It’s now official – BT has confirmed that it is acquiring EE, after entering into exclusive negotiations with the mobile operator at the end of last year.
The definitive terms see the purchase price set at £12.5 billion, with the sum being paid in cash and BT shares issued to Deutsche Telekom and Orange. After the deal is done, Deutsche Telekom will own a 12 per cent stake in BT, and Orange a 4 per cent stake. Deutsche Telekom will also be able to appoint one non-executive member of the BT Board of Directors.
BT noted that it expects to save £360 million per year in terms of combined operating cost and capex synergies, four years down the line post-deal. The company will be able to flog its broadband, landline and TV services to EE customers, and of course vice versa with EE’s mobile service, with additional revenue from the combination of both firms expected to tot up to around £1.6 billion.
The deal is still subject to approval by BT shareholders and regulators, but it is expected to go through before the close of BT’s 2015/16 fiscal year.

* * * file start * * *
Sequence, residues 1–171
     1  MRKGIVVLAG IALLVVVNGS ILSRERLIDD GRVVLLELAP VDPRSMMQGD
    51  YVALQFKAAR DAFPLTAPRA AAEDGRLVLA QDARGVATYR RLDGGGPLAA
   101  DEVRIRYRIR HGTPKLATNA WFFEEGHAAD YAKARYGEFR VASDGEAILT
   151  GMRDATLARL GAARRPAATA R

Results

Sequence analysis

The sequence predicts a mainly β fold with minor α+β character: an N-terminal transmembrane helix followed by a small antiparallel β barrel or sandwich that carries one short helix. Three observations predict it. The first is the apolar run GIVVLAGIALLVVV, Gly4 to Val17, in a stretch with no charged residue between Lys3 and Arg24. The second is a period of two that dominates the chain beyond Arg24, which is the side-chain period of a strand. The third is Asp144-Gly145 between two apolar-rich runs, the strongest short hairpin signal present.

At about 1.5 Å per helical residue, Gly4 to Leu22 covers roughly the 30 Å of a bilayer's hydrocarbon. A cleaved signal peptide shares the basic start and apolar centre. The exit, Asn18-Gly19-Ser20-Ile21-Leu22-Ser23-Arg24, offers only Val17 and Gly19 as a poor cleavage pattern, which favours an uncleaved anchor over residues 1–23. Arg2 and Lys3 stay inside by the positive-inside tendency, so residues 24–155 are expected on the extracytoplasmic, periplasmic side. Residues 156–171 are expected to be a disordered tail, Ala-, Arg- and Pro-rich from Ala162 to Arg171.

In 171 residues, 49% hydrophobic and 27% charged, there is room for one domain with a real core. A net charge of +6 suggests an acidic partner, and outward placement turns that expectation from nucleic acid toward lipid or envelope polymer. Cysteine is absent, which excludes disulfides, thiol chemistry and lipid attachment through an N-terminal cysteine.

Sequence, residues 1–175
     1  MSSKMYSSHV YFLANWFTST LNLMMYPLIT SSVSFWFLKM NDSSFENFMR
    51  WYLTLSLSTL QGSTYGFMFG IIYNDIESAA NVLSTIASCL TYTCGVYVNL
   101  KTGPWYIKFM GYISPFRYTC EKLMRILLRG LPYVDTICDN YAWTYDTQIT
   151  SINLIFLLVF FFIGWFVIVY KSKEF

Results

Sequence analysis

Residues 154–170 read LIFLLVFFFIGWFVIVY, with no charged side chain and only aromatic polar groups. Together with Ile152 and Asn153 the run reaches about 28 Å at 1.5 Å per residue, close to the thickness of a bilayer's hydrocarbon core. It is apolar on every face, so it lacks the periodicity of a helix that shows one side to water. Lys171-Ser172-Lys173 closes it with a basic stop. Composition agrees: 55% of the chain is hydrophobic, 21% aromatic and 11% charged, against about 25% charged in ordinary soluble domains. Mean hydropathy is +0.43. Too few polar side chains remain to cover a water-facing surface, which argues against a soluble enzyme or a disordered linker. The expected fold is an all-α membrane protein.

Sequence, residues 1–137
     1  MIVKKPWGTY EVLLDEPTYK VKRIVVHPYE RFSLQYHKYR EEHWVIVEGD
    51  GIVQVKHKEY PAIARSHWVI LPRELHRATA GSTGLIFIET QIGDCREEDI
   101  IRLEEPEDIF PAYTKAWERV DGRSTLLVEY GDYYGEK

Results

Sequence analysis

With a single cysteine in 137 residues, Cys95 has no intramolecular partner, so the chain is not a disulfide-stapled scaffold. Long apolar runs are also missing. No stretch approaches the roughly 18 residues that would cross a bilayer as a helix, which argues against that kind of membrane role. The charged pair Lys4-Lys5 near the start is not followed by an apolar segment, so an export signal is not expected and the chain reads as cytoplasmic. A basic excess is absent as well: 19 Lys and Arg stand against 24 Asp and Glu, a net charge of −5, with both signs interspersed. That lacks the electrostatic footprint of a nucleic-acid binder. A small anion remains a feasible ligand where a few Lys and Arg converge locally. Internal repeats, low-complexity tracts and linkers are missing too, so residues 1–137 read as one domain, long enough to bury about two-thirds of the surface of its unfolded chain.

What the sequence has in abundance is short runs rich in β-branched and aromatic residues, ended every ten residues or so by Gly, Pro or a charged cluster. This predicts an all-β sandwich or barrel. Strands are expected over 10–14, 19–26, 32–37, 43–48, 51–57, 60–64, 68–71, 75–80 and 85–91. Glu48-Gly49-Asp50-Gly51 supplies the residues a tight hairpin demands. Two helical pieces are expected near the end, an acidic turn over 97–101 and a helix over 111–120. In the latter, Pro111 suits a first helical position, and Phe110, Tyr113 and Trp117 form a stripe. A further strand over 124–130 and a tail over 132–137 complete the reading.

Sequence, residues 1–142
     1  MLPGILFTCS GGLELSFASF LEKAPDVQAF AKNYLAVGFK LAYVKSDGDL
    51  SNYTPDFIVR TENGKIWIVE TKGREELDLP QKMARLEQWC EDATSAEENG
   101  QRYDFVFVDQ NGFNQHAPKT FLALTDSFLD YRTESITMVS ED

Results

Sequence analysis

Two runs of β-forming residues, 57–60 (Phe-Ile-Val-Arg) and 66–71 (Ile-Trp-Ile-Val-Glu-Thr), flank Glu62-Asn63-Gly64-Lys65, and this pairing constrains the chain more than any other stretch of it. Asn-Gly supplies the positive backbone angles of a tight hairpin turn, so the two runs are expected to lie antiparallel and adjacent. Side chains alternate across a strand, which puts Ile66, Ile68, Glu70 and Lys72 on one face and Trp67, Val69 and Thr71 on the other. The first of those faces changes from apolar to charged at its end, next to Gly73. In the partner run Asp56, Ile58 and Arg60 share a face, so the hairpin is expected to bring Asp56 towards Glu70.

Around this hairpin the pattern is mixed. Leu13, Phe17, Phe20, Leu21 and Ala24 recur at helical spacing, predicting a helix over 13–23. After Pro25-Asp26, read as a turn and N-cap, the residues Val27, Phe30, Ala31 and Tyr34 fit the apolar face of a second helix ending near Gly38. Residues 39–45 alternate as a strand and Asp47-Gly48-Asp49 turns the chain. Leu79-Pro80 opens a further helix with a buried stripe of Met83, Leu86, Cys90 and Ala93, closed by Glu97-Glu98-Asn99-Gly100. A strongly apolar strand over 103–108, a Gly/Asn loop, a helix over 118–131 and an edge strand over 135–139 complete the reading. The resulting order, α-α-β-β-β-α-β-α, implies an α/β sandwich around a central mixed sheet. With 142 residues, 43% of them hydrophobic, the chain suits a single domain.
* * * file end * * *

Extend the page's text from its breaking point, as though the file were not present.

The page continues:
CEO of BT Gavin Patterson commented: “This is a major milestone for BT as it will allow us to accelerate our mobility plans and increase our investment in them. The UK’s leading 4G network will now dovetail with the UK’s biggest fibre network, helping to create the leading converged communications provider in the UK.”
Olaf Swantee, EE chief executive, said: “Joining BT represents an exciting next stage for our company, customers, and people. In the last few years alone, we have built the UK’s biggest, fastest and best 4G network, significantly advancing the digital communications infrastructure for people and businesses across Britain.
"Today’s announcement will ensure the UK remains at the forefront of the mobile revolution, bringing even more innovation and investment in world leading connectivity for our customers."
Of course, the impact of this giant converged communications provider will be what regulators will scrutinise.